The UCO market has seen some immense changes related to its trade flow. Chinese exports have now shifted its sights to the US in a big way. In fact, the US has now become the single biggest export destination for China’s UCO exports.
According to ResourceWise data, UCO export volume from China to the US was already growing quickly over the last several months. However, it has seen an even more significant jump between August and September.
China provided 54% more UCO to the US markets in September than in August. This number comes second only to July’s export amount. These trends show that the demand for UCO has gone up substantially throughout 2023.
To put things in perspective, this time last year showed practically zero UCO exports to America. However, the trade flow began kicking up toward the end of Q4 2022. Since then, we’ve seen extraordinary jumps in US demand.
Despite the record-setting volume, the amount of UCO received by the US from China was only 38% of the country’s total exports.
As the global leader in UCO production, China is helping lead the charge to shift to renewables for many countries. September’s exports were up 25% across the board compared to August and only -1% down from the same time last year. The Netherlands was second on the list of Chinese UCO exports, followed by Spain, Singapore, Malaysia, and Italy (see chart).
(Source: China Customs Data)
Investment in renewables like UCO is quickly growing in the US thanks to the provisions of the Inflation Reduction Act (IRA). Various incentives in the IRA have led to this emerging UCO market—now worth nearly $390 million dollars per a Reuters report.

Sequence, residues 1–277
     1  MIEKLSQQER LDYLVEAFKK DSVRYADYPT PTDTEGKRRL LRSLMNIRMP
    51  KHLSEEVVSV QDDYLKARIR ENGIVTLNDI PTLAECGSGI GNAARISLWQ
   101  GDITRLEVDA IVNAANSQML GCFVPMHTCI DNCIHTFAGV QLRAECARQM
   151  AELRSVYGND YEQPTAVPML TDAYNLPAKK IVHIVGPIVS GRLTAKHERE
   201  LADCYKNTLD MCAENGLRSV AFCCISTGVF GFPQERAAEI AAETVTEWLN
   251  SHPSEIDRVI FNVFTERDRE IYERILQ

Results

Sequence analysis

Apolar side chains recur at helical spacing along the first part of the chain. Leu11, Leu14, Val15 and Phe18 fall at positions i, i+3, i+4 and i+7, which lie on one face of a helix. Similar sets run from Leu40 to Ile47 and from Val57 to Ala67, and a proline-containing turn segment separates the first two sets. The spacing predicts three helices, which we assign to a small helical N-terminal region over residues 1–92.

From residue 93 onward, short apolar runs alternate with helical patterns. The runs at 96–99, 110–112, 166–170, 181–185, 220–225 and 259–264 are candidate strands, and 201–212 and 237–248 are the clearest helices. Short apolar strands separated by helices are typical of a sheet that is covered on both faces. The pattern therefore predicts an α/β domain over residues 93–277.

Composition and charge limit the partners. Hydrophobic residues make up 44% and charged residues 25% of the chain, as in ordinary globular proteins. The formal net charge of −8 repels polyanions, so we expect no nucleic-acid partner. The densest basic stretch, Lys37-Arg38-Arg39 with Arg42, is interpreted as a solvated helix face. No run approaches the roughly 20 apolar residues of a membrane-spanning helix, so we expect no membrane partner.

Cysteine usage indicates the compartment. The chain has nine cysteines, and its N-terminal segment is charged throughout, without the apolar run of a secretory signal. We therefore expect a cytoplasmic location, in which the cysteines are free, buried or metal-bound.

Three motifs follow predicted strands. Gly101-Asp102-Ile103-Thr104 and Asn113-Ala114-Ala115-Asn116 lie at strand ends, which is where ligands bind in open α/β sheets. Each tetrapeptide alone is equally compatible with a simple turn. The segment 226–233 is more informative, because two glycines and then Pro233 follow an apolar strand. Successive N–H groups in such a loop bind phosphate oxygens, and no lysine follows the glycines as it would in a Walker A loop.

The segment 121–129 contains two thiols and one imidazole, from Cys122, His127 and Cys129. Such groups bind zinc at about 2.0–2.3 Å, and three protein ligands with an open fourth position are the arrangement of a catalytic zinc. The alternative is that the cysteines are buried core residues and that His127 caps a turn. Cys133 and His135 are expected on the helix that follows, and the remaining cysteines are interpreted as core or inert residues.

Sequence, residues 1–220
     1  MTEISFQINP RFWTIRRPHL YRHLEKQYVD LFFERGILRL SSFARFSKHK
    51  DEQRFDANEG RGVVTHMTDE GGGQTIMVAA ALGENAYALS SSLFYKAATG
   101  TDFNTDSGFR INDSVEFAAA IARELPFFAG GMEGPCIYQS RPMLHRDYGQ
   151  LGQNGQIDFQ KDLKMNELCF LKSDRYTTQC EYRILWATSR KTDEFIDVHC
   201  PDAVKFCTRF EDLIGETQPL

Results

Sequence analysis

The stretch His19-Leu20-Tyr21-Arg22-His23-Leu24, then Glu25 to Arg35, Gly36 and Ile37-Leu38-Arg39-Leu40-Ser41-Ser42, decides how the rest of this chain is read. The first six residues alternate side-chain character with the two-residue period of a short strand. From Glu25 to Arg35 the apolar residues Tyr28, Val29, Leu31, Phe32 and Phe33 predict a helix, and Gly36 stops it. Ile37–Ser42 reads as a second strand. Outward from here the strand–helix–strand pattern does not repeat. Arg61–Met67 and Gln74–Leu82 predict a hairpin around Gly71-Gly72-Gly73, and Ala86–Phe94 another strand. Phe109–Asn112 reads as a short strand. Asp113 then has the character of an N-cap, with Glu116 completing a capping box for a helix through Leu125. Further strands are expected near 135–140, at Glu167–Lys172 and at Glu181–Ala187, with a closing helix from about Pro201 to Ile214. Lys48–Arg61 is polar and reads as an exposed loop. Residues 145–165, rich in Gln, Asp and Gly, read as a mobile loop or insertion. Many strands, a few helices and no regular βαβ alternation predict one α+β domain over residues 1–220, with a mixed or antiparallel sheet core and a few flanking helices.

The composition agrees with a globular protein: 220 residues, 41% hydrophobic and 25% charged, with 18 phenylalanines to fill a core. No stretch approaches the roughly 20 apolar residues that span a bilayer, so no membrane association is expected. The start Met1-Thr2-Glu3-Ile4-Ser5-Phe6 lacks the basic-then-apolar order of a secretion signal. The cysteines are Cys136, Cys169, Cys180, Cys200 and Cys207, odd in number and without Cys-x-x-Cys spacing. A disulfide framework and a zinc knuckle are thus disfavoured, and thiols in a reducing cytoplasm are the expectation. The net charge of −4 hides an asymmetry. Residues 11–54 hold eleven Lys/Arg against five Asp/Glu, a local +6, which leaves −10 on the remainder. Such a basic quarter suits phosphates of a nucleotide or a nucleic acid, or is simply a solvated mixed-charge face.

The uptick of UCO shipments began in Q4 2022, but they really started taking off right around the 2023 New Year. The IRA includes various incentives to promote the production and adoption of clean energy. This includes benefits like tax credits for producing sustainable aviation fuel and perks for biodiesel creation.
These incentives explain the main driving force behind the adoption of renewables: economics. Right now, many companies are taking advantage of the benefits the IRA offers to early adopters. As standards and requirements continue to ramp up, we'll see continued benefits to transitioning and integrating renewable feedstocks like UCOs.
The IRA currently offers a tax credit of $1 per gallon on biodiesel production. This number is even higher for SAF with a potential $1.75 per gallon credit when carbon reduction hits a 50% threshold.
UCO fits the bill in helping make this biodiesel shift possible. With a lower price than many alternatives, it provides nearly the same energy potential as traditional petroleum diesel fuel. And it does so while reducing emissions by upwards of 80%.
With all these potential savings in mind, how will the markets continue to shift? Right now, US producers are jumping on Chinese UCO in droves. But this may change in the near future as competition ramps up in the carbon transition.
According to the Green Diesel North America report (available in Prima CarbonZero from ResourceWise), we may see challenges to current UCO exports. Chinese biodiesel exports to Europe are facing investigations after a flood of the product hit their markets. Producers are accused of fraud in the products they export with potential mislabeling of the actual constitution of feedstocks like UCO.
Some experts forecast this investigation to confirm these allegations. If this is the case, we’ll likely see a sharp drop in biodiesel exports out of China. European producers will then likely enter into play to fill in the market gap. Accordingly, European feedstock and biofuel producers could expect a proportional growth in demand for their offerings.
Depending on this outcome, European producers may then return to the UCO market and increase their demand for exports primarily to the US. The increased competition will probably impact demand, prices, and eventually margins.
How much this could affect the US market is too far into the future to tell. But the main takeaway is that we’re gearing up to see some fireworks in UCO exports in the coming months.
Data and insights from this post came from the Weekly Green Diesel North America report available in Prima CarbonZero from ResourceWise.
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